Can Anything Good Come From Nazareth?

by | Apr 7, 2022

Church Doctor Report

Vol. 18 No. 2 – March/April 2022

PURPOSE: To connect with those who have an active relationship with Church Doctor Ministries as peers in ministry, clients, and partners in prayer and support.

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John 1:45-46: “Philip found Nathanael and said to him, ‘We have found him of whom Moses in the law and also the prophets wrote, Jesus of Nazareth, the son of Joseph.’ Nathanael said to him, ‘Can anything good come out of Nazareth?’ Philip said to him, ‘Come and see.’”

Sometimes, you just have to “come and see.”

To some believers, Christianity is primarily academic. They say, “Accept what the Bible says, read it, study it, and memorize it.” The idea is that if you just know the right stuff, you catch fire for the mission of the Church.

While anything is possible for God to accomplish, most of us grow spiritually through a combination of knowledge and experience. To reach this world, God shows up personally: to Adam and Eve, to Moses, and, ultimately, in Jesus. Perhaps you could say, “The Savior doesn’t just want to fill your head; He wants to touch your heart.” Philip didn’t download a report to Nathanael. He went a big step forward: “You’ve got to come and see.”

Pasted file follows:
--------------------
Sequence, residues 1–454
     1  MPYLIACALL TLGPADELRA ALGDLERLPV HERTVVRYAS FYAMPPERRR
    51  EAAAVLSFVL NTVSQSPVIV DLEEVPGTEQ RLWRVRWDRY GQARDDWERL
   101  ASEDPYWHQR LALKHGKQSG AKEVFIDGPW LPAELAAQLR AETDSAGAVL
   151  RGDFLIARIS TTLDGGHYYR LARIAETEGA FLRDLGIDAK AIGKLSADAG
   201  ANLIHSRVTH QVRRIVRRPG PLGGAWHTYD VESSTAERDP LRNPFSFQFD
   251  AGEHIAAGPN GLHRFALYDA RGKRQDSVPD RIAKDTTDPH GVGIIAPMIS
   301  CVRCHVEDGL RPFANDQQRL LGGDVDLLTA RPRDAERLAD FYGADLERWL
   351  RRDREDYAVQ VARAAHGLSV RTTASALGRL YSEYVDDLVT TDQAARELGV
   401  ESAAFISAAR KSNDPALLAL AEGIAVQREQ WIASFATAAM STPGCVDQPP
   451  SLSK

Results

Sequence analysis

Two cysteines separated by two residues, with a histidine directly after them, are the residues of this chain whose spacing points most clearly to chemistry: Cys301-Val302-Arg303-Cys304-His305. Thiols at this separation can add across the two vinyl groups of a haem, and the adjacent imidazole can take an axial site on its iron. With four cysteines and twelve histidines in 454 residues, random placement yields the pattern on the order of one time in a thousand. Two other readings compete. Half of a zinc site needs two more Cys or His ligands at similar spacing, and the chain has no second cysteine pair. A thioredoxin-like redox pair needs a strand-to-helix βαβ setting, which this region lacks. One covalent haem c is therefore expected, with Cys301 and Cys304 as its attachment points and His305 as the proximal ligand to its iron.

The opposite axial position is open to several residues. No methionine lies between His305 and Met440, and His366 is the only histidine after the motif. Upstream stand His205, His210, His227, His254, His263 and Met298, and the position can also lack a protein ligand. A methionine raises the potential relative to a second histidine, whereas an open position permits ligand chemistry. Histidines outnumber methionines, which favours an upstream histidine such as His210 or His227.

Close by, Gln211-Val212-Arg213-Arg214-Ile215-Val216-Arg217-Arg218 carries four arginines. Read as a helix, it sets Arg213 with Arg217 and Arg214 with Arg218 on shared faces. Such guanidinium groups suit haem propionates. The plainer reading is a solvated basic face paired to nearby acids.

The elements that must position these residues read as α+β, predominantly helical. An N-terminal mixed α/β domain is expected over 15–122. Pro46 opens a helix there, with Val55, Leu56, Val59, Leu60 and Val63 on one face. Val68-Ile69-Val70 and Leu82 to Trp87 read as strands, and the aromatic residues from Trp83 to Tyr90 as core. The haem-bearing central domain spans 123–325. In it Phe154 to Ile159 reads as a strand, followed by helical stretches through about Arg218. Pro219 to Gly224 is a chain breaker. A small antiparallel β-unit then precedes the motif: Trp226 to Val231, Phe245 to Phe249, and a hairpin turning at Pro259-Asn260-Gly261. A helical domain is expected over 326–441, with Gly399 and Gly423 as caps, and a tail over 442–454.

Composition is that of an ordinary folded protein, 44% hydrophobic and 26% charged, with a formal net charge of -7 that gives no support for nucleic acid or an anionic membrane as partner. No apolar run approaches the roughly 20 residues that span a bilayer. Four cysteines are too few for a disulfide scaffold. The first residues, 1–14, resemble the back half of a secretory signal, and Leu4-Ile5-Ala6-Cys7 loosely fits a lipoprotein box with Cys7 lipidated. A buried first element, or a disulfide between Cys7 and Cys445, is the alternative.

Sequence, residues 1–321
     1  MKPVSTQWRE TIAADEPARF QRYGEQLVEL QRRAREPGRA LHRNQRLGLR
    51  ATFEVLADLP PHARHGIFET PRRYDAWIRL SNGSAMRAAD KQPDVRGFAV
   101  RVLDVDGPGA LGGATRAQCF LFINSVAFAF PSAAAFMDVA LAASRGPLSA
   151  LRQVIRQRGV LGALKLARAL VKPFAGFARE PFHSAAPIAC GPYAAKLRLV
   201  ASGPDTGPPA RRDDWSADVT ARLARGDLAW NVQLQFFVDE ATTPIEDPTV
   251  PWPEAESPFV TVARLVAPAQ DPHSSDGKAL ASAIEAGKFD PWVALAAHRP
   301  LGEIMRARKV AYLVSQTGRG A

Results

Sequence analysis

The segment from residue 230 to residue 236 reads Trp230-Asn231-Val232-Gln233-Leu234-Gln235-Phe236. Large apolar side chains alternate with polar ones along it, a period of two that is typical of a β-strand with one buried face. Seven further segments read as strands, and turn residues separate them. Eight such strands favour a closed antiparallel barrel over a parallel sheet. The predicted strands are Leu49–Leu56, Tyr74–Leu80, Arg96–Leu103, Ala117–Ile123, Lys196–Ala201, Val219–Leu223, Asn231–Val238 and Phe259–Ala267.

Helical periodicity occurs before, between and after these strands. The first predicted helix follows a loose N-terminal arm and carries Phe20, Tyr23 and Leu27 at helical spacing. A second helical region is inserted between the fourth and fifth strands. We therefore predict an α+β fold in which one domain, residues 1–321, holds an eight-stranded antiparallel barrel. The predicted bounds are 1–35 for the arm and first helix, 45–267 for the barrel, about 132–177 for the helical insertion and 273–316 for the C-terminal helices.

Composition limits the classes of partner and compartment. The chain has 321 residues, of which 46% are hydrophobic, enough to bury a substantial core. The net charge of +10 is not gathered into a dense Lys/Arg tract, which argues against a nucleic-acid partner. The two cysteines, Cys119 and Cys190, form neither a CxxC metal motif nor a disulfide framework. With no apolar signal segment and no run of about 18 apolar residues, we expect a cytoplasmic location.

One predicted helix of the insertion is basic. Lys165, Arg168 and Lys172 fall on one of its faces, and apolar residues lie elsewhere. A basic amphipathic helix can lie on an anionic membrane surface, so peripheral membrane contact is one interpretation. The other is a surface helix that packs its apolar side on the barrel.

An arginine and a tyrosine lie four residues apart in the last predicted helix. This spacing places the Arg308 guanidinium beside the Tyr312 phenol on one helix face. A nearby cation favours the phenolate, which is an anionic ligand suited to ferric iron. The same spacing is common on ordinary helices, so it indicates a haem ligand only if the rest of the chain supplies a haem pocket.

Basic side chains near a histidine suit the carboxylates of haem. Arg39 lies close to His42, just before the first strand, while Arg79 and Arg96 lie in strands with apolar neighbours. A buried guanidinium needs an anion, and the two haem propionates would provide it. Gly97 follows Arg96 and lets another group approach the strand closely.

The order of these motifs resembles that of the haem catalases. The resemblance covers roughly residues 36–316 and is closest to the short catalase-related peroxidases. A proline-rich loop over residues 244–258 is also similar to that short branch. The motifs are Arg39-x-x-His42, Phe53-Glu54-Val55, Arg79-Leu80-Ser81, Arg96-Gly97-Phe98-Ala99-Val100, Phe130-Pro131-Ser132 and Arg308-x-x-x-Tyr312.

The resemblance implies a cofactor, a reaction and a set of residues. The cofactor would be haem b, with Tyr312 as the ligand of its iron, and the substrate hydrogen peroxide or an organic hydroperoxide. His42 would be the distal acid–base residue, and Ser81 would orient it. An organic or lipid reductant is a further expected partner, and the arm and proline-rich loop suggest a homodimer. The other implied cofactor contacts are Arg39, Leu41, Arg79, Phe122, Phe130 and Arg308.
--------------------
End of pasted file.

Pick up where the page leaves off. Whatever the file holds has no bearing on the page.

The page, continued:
Peter was a little skeptical when the disciples thought they saw a ghost walking on the water in the middle of a storm at sea. Then Jesus spoke: “Take heart, it is I; have no fear.” That wasn’t good enough for Peter. He wanted the experience. He said, “Lord, if it is you, bid me come to you on the water.” Jesus replied, “Come!” However, Peter’s faith wasn’t up to it. He started to sink. Jesus made it an experience: He reached out His hand and caught him. Then He said, “Oh man of little faith, why did you doubt?” It’s hard to believe Peter would ever forget that experience! The whole boatload got it, saying, “Truly you are the Son of God!”